donals-pictures-315-web.jpg I’m just back from the Lucca Film Festival, where two of my films, Under and Removal, were screened on October 4th, and where I was privileged to encounter an astonishing number of fascinating people (and films). I’ll be writing a detailed article on the whole experience, but in this post I wanted to look back over the various cultural events I’ve attended over the past several months—which have, from May through to September, been an incredible, extended and culturally packed summer for me—and of which Lucca was the fittingly superlative finale (I’m now into my final year of my degree at the National Film School in Dublin, so I’ll have to try to limit my cultural intake while I get stuck into my thesis and various film projects.) These are all events I would have liked to have written about in more detail at the time, had I had the time—but at this stage it will have to suffice to briefly assess their significance.

First of all, back in Berlin, there were a few important curated events that don’t fit into the my ongoing series of Berlin posts—although the four events would perhaps make an interesting series by themselves, since each, despite their differences, create a sense of movement that is more perceived than acted; that is to say, movements that inhabit and compose the world rather than movements, like work and play, that man brings into the world.

At the ever-reliable Arsenal Kino, “HARDfilms: pixels and celluloid”, a seven-part series of short film programmes curated by Maria Morata, presented an amazing selection of classic and contemporary experimental cinema, many of which are simply impossible to see outside of occasional big-city screenings like this. Arranged into thematic groups, Morato’s series attempted to illustrate the ways in which avant-garde cinema aesthetically and theoretically anticipated and developed many of the elements and principles that digital and media-based artists work with today. I only caught the third and fourth instalment, so I can’t say whether the overall chain of Morata’s curatorial argument holds together, but either way the invention of some of these films is so inspired, one can see the webs of their influence extending far beyond an anticipation of digital media. A few stand-outs from the programmes I saw and in case they ever come your way: Récreation (1957, Robert Breer), T.O.U.C.H.I.N.G. (1968, Paul Sharits), Piéce Touchée (1989, Martin Arnold), Schewacheter (1957-58, Peter Kubelka) – pictured above, Autoportrait et le monde (1997, Johanna Vaude) and of course Stan Brakhage, who’s Black Ice (1964) was screened. These third and fourth programmes in the series ( “sampling: breaking time” and “sampling: writing movement”) focused mainly on filmmakers using film as a structure of single frames (eg Sharits) or as a graphic surface (eg Vaude and Brakhage), rather than as a temporal continuity in the tradition of figurative cinema.

In the same week in early June, the independent record label naivsuper presented an evening of experimental electronic music across town at the Electronic Church, a small gallery space who’s only sign is a tiny felt-tip scrawl on an advertisement adjacent to its front entrance. The lineup of four acts—Stephane Leonard, Marcel Türkowsky, Ludovic Fresse and a duo called Chronic—each created distinct soundscapes that were as exterior to conventional musical structures as Morata’s film programmes were from the temporal patterns of mainstream cinema. This took different shapes: Leonard’s laptop-induced sounds were broad and oceanic, sounds you float in, that fill up the space and slow down everything in it. Türkowsky’s were more manual and etched: by manipulating everyday sounds with the rewind/fastforward buttons on old walkmans and building these sounds together with a loop machine, he weaved different velocities of sound together into a kind of mosaic found-audio orchestra. Fresse was more concrete again, albeit to an absurd degree: against a pre-recorded electronic track, a host of household objects were gradually exhausted of their acoustic possibilities, building to the indescribable sound created when you let a vacuum cleaner play a clarinet. The final act, Croniq, used a live saxophone player and another laptop-ist, and took things back to a more general oceanic vibe, though lifted by the added emotional and melodic drive of the live instrument.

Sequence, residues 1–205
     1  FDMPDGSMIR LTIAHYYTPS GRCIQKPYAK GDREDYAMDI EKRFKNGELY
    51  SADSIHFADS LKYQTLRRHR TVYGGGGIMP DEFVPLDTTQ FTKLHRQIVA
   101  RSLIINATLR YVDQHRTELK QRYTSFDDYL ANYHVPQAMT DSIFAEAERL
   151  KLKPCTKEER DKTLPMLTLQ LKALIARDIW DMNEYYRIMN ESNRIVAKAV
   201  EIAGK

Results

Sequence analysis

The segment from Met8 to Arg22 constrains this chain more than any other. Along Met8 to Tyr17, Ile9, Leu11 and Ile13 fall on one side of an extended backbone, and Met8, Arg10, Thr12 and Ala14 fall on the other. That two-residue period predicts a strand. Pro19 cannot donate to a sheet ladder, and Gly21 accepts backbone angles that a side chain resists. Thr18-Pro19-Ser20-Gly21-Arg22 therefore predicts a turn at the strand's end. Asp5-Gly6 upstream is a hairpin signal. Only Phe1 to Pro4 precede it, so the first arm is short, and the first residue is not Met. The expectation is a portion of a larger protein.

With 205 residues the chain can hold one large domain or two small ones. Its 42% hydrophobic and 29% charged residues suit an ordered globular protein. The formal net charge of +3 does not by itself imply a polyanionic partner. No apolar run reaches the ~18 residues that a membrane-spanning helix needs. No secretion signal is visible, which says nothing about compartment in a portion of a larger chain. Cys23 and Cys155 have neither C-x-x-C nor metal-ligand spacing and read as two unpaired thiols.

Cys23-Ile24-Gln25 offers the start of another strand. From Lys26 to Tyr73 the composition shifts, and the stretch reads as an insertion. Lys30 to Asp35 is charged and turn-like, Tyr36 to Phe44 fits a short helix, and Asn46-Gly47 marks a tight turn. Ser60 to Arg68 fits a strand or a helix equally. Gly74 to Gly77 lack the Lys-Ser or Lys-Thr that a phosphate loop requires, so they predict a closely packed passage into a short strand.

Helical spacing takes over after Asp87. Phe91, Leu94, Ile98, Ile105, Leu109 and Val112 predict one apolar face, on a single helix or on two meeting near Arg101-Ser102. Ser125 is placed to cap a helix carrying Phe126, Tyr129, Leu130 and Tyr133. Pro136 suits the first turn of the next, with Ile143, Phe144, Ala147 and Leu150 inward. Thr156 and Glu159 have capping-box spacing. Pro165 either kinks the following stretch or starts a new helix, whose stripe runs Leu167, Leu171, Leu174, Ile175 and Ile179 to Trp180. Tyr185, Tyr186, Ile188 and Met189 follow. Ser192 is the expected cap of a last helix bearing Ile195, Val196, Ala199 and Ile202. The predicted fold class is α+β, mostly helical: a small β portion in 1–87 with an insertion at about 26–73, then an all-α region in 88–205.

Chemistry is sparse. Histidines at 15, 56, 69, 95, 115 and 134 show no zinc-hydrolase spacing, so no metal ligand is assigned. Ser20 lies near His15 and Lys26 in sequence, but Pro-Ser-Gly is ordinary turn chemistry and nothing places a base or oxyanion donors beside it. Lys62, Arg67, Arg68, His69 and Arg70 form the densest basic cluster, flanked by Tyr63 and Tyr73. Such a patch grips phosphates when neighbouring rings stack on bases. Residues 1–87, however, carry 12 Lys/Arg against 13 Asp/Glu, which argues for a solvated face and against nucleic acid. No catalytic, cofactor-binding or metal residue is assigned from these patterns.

As Berlin cinemas go, the Kino Krokodil, a charming backstreet single-screener in Prenzlauerberg, deserves special mention. For the whole of my three weeks in Berlin, this cinema was regularly repeating a special programme of Russian cinema, including (every day at 7.30) Alexander Sokurov’s hour-long Russian Elegy. The day I finally made it to the cinema, I was a half-hour late, but found the cinema empty, and one guy outside reading the newspaper. When I asked about the movie, I realised he was both the ticket-seller and projectionist, and he kindly proceeded to give me a private 35mm screening of the film….

Russian Elegy isn’t the first of Sokurov’s “elegy” films I’ve seen, but it does seem to be one of his most deepest and, unfortunately most off the radar. Beginning with an old man’s death (depicted only by his hand and the hand of his loved one), the film consists mostly of dreamy but palpable landscapes, with a large central section consisting of photos taken at the turn of the century by Maxim Dmitriev. Each photo is given ample time on screen before a detail of the photo is emphasised in close-up. As Alexandra Tuchinskaya has written, Russian Elegy is a film “without stitches or knots”, and the overall effect of these disparate images is a remarkably organic sense of wholeness, in which an old man’s breathing, the pulsing life of a damp landscape, and the dynamic energy of old photographs become exhalations of the same breath, circulations of the same blood. The film’s ease in synthesising natural and historical phenemonenon somewhat recalls Tarkovsky’s Mirror (to whom Sokurov is sometimes too readily grouped in with by critics)—but the distinction is that here, Sokurov seems less concerned with personal and cultural memory and more interested in the creation of a flow of energy beyond, or maybe beneath, those things.